America's painful history of race relations has again come to the forefront after a murder on a Bay Area Rapid Transit (BART) station platform. While officials emphasize that there's no evidence at this point to declare the murder a hate crime, black teenager Nia Wilson's death has sparked calls of "say her name" across Twitter and elsewhere.
The Bay Area's ABC 7 News reported Monday that the killer had been caught on a different train, almost a full day after he stabbed sisters Nia and Letifah Wilson at the MacArthur Station platform on Sunday. Nia, who was 18, lost her life, and Letifah is currently recovering from her injury.
“It was, in my close to 30 years of police experience, probably one of the most vicious attacks that I’ve seen,” BART Police Chief Carlos Rojas said at a Monday press conference. The Washington Post reported, though, that officials have not yet been able to divine a motive behind the attack.
“Up to this point, we do not have any information that suggests it is race motivated, but we cannot discount it at this time,” Rojas said in the press conference. "We haven't connected him to any type of radical group or white supremacist group or anything like that."
This, however, has not stopped people from making that connection. In a statement on the attack, Oakland Mayor Libby Schaaf noted the "tragic and deeply racist history" of the United States that the attack brought to many peoples' minds:
Although investigators currently have no evidence to conclude that this tragedy was racially motivated or that the suspect was affiliated with any hate groups, the fact that his victims were both young African American women stirs deep pain and palpable fear in all of us who acknowledge the reality that our country still suffers from a tragic and deeply racist history.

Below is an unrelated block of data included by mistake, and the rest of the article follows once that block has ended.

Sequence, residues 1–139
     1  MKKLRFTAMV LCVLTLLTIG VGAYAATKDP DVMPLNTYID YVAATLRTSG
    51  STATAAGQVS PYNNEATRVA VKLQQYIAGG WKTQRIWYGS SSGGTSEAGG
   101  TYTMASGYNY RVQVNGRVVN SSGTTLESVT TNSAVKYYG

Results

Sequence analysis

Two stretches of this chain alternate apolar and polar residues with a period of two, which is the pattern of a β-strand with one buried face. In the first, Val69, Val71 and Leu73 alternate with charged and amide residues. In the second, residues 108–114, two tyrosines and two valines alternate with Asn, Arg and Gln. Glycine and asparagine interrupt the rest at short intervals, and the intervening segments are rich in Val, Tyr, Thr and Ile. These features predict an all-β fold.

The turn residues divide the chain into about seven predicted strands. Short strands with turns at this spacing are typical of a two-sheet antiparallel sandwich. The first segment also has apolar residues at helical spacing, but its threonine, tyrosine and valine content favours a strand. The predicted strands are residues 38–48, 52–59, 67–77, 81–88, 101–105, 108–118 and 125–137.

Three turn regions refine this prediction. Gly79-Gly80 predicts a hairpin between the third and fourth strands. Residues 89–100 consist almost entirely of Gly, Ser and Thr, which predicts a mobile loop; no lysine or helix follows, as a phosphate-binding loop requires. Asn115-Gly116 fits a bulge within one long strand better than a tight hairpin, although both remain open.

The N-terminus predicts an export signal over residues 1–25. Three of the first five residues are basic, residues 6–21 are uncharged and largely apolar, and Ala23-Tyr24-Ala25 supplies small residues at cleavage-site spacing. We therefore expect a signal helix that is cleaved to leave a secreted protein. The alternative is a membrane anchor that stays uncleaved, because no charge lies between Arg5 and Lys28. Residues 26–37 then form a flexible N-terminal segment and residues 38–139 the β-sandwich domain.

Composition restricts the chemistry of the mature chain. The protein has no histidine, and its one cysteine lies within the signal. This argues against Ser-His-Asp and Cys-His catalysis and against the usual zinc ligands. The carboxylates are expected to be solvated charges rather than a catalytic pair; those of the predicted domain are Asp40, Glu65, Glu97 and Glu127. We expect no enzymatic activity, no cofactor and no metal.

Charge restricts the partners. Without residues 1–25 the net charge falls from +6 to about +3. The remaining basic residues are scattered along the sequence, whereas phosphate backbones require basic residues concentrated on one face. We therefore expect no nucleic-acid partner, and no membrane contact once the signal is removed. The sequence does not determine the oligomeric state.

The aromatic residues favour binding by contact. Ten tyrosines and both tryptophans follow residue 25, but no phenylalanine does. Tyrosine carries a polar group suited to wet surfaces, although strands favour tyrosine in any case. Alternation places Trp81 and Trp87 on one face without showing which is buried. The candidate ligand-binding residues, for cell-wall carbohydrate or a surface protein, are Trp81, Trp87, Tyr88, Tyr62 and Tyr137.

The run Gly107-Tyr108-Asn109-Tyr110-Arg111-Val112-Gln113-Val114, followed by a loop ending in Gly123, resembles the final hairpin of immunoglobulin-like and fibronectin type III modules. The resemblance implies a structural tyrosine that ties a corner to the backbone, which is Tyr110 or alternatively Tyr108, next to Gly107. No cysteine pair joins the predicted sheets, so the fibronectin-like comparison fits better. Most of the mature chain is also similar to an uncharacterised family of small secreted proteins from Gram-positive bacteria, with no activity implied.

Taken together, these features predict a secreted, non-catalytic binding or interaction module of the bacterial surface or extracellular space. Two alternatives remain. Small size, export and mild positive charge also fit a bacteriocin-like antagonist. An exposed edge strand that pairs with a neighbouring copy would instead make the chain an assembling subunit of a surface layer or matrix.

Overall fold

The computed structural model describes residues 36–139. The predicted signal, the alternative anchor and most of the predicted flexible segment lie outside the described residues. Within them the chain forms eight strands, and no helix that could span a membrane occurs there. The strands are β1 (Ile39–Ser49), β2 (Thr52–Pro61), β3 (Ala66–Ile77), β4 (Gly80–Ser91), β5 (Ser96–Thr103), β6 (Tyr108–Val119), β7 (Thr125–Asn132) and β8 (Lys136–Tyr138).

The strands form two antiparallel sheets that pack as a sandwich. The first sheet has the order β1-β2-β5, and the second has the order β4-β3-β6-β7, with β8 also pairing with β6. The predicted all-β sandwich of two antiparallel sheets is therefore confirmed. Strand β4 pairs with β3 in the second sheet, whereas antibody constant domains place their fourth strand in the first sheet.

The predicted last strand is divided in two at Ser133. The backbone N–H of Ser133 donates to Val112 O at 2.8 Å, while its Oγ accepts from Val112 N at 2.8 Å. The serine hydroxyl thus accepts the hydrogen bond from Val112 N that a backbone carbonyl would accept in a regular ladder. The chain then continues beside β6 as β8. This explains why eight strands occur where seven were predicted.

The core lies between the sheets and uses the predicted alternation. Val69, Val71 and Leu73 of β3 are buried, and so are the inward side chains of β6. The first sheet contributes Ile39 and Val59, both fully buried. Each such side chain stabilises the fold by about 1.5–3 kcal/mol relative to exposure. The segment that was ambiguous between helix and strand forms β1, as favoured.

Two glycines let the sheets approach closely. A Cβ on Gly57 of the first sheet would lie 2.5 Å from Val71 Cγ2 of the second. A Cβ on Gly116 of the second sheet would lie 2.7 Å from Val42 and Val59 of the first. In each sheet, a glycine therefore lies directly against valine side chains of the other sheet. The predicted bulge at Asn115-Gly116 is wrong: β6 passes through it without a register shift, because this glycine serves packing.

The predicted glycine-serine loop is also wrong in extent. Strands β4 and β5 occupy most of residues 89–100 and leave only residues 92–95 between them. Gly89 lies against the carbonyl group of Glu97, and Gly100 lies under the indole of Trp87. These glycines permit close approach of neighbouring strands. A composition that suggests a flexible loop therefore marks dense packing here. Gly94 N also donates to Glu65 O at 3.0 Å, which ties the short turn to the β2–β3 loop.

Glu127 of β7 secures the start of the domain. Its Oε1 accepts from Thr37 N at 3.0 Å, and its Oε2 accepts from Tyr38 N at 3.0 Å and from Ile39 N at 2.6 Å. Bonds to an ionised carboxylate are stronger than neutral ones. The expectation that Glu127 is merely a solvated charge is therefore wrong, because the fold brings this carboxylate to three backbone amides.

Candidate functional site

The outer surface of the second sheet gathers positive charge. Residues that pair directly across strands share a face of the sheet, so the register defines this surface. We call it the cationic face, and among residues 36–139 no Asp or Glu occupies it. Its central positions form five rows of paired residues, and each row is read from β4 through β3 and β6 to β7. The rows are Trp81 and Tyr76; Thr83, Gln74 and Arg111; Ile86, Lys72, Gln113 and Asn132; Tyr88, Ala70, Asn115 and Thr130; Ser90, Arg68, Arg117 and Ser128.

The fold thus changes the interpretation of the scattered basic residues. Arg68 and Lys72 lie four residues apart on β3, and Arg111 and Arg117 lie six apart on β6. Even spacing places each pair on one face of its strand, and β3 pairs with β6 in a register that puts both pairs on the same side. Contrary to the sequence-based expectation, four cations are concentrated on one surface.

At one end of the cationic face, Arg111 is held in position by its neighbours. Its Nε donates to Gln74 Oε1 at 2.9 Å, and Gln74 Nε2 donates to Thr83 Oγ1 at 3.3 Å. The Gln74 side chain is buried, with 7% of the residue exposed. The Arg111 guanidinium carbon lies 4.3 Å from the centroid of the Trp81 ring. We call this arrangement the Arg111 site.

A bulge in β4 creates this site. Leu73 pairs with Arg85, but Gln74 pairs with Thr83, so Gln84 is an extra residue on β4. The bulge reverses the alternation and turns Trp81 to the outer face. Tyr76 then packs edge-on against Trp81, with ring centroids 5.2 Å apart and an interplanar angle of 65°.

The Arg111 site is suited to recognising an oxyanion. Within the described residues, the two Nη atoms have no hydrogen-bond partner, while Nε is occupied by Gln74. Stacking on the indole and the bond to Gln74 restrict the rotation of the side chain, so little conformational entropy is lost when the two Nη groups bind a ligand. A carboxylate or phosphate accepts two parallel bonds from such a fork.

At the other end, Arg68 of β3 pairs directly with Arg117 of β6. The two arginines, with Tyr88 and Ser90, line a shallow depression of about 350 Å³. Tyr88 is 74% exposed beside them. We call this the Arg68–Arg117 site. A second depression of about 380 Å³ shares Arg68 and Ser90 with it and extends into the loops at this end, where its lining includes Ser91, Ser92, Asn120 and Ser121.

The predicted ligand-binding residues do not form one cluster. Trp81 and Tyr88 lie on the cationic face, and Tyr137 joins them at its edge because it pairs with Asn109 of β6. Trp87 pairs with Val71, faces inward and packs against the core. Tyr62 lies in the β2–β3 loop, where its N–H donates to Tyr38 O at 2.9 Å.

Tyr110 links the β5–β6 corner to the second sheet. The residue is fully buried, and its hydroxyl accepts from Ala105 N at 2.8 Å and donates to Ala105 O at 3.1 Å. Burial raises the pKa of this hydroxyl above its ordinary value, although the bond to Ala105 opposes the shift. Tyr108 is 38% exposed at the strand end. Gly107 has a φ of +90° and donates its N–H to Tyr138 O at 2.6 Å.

This fear is likely what led to the "Say her name" calls on Twitter. The #SayHerName movement started in 2015, according to the Huffington Post, as a response to the death of Sandra Bland, a black woman who was in police custody at the time of her death. According to TruthOut, #SayHerName brings attention to police brutality against black women.
Nia Wilson's death, of course, came at the hands of a felon released on parole rather than a police officer. The sheer brutality of it, however, and the fact that the murderer wasn't apprehended immediately, brought #NiaWilson alongside #SayHerName.
As Oakland officials continue to investigate the crime, those close to Nia have made public appeals for people in Oakland to stay calm.
“We don’t know if it was racist, we don’t know if it was random, we don’t know what it was,” said Daryle Allums, Nia's godfather, as reported in the Washington Post. “Let’s get this information to find out what really happened. Let’s find out the right facts, so then we’re able to deal with this situation.”
No matter what the motive for the crime turns out to be, there's no doubt that it has instilled fear not only in the Bay Area, but also in black women following the story across the country.
"My heart breaks for #NiaWilson. And for every black woman and femme that walks home feeling the danger from all sides," wrote one Twitter user. "This fear we carry is literally building up in our bodies, killing us like a poison if we don’t first face punishment for simply being alive."